Diablo Canyon in California lies in a seismically active zone totally unsuitable for a nuclear power plant. Photo: Nuclear Regulatory Commission via Flickr.

Earthquake risk makes California's Diablo Canyon a Fukushima in waiting

Karl Grossman

27th August 2014

A newly-exposed report by Diablo Canyon's lead nuclear inspector shows that the twin reactors are unsafe, writes Karl Grossman. An earthquake on nearby geological faults could trigger a Fukushima-scale accident causing 10,000 early fatalities. The owner's response? Apply to extend the site's operation for another 20 years. more...
The Canada's Northwest Territories' first fracking project, carried out by ConocoPhillips over the winter in the NWT's Sahtu region, was approved last summer with no public review. Photo: ConocoPhillips.

Drills away in Canada's Arctic - 1.35 million hectares of wilderness open to fracking

Ed Struzik /

3rdt September 2014

Hydraulic fracturing is roaring ahead in the Canadian Arctic, writes Ed Struzik. Companies are competing to exploit the Northwest Territories' 2-3 billion barrels of shale oil, as the NWT government ignores calls from indigenous nations and scientists for a moratorium on fracking pending an open review of its impacts.
more...
Hazeltine Creek on Quesnel Lake after the tailings dam collapse. Floating on the surface: the stripped off the mountainside by the force of the spill. Out of sight: 14.5 billion litres of toxic mining waste.

Swapping red tape for caution tape: why Canada can expect more mining disasters

Carol Linnitt / DeSmog.ca

27th August 2014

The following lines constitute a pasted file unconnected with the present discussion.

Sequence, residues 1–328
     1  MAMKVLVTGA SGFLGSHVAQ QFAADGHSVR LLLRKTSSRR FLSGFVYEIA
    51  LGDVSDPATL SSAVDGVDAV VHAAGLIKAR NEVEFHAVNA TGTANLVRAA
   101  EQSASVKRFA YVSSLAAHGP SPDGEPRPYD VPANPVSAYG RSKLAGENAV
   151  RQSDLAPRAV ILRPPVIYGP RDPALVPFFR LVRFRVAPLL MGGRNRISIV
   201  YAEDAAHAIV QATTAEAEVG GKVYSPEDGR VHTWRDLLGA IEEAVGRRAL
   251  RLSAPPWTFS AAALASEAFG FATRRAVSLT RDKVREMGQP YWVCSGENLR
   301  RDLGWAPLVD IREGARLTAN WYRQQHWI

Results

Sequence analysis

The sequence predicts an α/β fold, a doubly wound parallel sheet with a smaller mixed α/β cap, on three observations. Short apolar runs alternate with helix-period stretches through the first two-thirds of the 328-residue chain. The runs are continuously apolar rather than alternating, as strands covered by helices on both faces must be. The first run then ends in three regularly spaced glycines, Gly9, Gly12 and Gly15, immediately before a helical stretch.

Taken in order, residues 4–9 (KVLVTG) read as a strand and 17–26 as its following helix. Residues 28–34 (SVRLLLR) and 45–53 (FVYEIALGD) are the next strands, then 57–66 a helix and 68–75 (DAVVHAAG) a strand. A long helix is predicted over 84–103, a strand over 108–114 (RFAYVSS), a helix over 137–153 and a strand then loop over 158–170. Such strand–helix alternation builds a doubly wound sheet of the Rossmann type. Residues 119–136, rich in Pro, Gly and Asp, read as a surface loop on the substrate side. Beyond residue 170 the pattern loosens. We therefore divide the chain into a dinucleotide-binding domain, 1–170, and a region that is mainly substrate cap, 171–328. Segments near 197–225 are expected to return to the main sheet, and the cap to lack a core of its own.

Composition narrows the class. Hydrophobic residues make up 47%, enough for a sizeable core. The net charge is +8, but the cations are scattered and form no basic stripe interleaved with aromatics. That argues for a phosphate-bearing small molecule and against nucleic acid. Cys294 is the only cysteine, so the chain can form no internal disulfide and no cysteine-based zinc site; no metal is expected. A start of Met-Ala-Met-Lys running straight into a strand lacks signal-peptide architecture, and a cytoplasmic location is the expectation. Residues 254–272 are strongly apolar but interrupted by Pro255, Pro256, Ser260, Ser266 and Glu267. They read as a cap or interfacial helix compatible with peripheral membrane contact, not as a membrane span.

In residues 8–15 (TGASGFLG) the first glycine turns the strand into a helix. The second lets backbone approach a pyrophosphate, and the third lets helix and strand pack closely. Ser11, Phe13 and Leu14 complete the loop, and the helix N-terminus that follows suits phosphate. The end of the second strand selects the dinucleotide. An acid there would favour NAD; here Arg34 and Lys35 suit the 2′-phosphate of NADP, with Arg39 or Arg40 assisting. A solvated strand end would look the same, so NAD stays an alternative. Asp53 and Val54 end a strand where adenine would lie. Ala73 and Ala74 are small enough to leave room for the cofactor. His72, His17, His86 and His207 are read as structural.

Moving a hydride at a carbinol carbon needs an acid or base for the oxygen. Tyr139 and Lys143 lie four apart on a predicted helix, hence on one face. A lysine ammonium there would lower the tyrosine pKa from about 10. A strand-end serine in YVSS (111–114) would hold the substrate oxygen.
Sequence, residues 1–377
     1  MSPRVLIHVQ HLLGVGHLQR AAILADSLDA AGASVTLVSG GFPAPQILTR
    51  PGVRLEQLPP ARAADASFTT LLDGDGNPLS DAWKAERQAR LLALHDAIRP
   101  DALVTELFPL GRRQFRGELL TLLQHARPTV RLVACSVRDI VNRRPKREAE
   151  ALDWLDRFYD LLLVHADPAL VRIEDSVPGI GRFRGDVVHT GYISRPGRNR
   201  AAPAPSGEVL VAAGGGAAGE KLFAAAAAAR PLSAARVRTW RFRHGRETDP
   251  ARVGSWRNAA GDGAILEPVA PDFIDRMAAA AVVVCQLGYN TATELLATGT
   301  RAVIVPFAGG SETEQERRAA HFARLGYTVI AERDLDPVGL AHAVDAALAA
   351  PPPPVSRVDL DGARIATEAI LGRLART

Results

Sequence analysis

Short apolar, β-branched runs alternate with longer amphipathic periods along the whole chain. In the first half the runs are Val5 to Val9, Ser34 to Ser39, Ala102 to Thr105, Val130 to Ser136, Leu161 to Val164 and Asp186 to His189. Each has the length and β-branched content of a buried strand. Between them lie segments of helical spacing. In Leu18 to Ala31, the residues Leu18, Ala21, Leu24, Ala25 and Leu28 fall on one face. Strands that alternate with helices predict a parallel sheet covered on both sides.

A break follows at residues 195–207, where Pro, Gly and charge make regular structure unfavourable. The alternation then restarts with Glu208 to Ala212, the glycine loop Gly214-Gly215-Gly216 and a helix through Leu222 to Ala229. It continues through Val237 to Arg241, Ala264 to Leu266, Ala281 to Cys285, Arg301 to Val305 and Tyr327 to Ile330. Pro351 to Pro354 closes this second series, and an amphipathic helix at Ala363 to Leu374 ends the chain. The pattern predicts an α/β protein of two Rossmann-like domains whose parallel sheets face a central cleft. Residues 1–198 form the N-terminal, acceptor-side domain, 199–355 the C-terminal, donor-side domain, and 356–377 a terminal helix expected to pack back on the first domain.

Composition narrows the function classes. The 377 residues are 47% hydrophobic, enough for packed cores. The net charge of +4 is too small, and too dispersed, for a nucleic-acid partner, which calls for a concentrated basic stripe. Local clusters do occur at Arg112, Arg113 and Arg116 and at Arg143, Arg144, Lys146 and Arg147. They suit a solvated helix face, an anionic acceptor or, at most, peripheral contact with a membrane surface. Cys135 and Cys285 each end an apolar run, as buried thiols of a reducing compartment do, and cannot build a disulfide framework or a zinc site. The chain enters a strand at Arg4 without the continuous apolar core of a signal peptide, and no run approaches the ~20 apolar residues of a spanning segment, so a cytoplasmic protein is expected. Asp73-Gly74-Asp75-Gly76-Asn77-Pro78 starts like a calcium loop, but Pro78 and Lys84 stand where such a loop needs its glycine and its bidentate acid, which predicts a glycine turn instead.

This month a tailings dam at the Mount Polley mine in BC breached, writes Carol Linnitt - spilling 14.5 billion litres of toxic mine waste into Quesnel Lake. A major source of freshwater and one of BC's premier fly-fishing destinations, the lake will never be the same again. But it's just the first big victim of Canada's wave of environmental de-regulation ... more...
The Hawaiian cleaner wrasse works full time, keeping reefs from parasite loading. They die in 30 days of captivity but ship out daily - as many as the aquarium collectors can catch. Photo: Rober Wintner.

The dark side of Hawaii's aquarium trade

Elizabeth Claire Alberts

20th August 2014

Hawaii's salt-water aquarium trade is lucrative - but depends on the constant, scarcely regulated collection of wild fish, writes Elizabeth Claire Alberts. With 98% of fish in the trade taken from the wild, and high mortality rates from the moment of collection, Hawaii's coral reefs are experiencing a daily massacre. more...
Crop-spraying in the USA. Photo: CFS.

Last chance to stop USDA approval of 2,4-D GMO crops

The Ecologist

14th August 2014

The US is poised to 'deregulate' GMO corn, soybean and cotton varieties resistant to the herbicides 2,4-D and dicamba. The result will be a big increase in the use of those herbicides, as high as 600%. Only a huge public outcry can now stop the GMO-herbicide juggernaut. more...
Does this seed library look to you like 'agri-terrorism'? Photo: via Sharable.net.

Agri-terrorists accuse seed bank of 'agri-terrorism'

Kevin Carson

13th August 2014

A Pennsylvania seed library stands accused of 'agri-terrorism' over alleged breaches of the Seed Act 2004, reports a bemused Kevin Carson. Have USDA and state agriculture departments become the enforcement branch of the agribusiness crime syndicate? more...

ECOLOGIST COOKIES

Using this website means you agree to us using simple cookies.

More information here...

 

FOLLOW
THE ECOLOGIST